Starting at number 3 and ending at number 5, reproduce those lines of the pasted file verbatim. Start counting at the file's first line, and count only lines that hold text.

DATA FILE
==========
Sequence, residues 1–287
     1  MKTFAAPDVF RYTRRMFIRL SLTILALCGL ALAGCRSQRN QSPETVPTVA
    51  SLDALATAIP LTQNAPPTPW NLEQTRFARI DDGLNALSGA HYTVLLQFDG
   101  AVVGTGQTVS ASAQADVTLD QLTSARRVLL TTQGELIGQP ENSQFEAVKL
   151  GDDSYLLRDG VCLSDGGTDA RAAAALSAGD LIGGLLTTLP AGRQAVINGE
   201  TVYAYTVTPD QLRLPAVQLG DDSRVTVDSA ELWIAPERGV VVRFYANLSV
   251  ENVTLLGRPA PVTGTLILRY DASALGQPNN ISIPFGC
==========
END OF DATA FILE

    51  SLDALATAIP LTQNAPPTPW NLEQTRFARI DDGLNALSGA HYTVLLQFDG
   101  AVVGTGQTVS ASAQADVTLD QLTSARRVLL TTQGELIGQP ENSQFEAVKL
   151  GDDSYLLRDG VCLSDGGTDA RAAAALSAGD LIGGLLTTLP AGRQAVINGE